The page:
An associate in the Delaware office of Eckert Seamans prepared this overview.

The Court of Chancery opinion in Horne v. OptimisCorp, C.A. No. 12268-VCS (Del. Ch. Mar. 3, 2017) explores Delaware’s indemnification provisions.

Background:  Plaintiff William Horne (“Horne”) brought an action for indemnification for fees and expenses against OptimisCorp (the “Company”).  Horne’s fees

The Delaware Association of Second Amendment Lawyers will present its Third Annual Delaware Firearms Law Seminar on October 6, 2016 at 8:30 a.m. in Wilmington, Delaware, at the Doubletree Hotel. The foregoing hyperlink has more details, but in addition to nationally-recognized constitutional law scholars, two members of the Delaware judiciary will be making a presentation

Generally, a successful claim for advancement of legal fees for a former director or officer entitles the prevailing party to “fees on fees” incurred for obtaining the favorable ruling. A recent ruling from the newest member of the Delaware Court of Chancery explains the limitations or the contours of that general rule. In Wong v.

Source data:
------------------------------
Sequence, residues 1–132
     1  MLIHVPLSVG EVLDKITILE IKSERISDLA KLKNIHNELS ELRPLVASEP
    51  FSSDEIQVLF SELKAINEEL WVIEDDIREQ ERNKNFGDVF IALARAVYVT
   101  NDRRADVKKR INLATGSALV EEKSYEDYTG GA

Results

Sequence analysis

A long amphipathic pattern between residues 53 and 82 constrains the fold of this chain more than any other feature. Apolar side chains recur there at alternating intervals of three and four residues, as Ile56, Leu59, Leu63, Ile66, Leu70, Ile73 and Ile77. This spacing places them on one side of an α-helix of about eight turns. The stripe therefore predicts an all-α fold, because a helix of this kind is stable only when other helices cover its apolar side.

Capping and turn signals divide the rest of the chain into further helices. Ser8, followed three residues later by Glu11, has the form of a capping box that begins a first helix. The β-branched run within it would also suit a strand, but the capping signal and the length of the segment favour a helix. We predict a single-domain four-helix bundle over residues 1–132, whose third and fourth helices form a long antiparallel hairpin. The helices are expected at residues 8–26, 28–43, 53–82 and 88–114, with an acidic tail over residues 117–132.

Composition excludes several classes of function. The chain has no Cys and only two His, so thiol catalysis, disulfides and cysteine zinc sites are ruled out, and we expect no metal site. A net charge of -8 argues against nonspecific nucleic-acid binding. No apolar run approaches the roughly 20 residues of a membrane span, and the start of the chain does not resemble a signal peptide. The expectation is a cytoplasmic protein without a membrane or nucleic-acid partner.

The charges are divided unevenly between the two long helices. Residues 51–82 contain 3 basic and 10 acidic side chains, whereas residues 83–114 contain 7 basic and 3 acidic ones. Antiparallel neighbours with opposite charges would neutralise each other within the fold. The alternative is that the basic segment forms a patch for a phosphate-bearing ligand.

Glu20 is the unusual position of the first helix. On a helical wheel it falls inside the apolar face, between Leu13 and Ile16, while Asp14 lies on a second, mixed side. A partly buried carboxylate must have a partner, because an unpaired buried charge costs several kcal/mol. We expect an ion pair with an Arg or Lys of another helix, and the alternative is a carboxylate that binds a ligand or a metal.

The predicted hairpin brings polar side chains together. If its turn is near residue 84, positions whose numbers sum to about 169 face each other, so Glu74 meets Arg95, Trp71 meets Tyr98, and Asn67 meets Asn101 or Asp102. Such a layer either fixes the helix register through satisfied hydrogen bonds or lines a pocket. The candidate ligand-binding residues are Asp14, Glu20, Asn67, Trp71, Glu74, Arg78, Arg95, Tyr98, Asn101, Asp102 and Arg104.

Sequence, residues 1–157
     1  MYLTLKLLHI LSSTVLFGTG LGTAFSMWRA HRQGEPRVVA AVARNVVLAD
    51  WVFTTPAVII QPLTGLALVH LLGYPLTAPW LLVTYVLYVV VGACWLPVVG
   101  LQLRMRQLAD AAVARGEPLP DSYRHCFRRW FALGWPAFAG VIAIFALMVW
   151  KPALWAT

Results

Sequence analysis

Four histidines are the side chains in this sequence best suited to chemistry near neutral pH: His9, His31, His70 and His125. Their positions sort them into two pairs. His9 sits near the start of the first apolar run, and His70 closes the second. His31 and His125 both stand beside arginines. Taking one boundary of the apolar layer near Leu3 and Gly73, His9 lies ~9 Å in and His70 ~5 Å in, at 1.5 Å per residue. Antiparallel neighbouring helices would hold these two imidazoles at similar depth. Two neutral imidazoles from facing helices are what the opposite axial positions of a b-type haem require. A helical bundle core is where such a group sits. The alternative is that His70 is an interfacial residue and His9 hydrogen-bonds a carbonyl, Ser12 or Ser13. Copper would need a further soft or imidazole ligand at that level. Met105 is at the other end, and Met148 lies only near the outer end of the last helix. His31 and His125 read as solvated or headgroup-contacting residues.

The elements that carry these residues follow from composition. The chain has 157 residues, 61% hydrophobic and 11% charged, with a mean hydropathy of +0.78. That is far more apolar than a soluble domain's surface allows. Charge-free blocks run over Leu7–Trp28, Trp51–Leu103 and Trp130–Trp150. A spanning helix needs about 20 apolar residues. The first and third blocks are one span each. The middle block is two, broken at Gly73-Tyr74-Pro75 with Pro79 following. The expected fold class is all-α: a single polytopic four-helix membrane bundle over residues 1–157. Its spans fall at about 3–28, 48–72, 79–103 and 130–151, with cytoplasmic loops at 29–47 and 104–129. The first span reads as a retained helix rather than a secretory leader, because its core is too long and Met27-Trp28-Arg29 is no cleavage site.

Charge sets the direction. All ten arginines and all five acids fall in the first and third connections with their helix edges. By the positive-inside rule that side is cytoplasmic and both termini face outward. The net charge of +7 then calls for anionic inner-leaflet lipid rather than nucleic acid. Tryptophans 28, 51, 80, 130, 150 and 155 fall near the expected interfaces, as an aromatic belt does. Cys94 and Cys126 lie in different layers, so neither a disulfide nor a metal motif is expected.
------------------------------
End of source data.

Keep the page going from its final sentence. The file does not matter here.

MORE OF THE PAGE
The Court of Chancery recently reiterated its expectations of Delaware discovery conduct at a hearing in Medicalgorithmics S.A. v. AMI Monitoring, Inc., C.A. No. 10948-CB (Transcript).  Notable among the Court’s comments at the hearing were:

  • The Court stressed the importance of attorney review of documents before production, saying that, absent a “quick-peek” agreement, attorney involvement

Bloomberg BNA is sponsoring a panel discussion on proposed amendments to the Delaware General Corporation Law (DGCL), such as a ban on fee-shifting bylaws in corporate litigation, that are expected to be passed by the legislature this month. The discussion will be on Twitter at 2:00 p.m. ET on June 3, 2015.

The panel includes

2009 Caiola Family Trust v. PWA, LLC, C.A. No. 8028-VCP (Del. Ch. Dec. 18, 2014).

This Delaware Court of Chancery opinion involves litigation over the management of a Delaware limited liability company formed to operate a residential apartment complex.  The plaintiffs are non-managing members of the company that owns 90% of membership interests and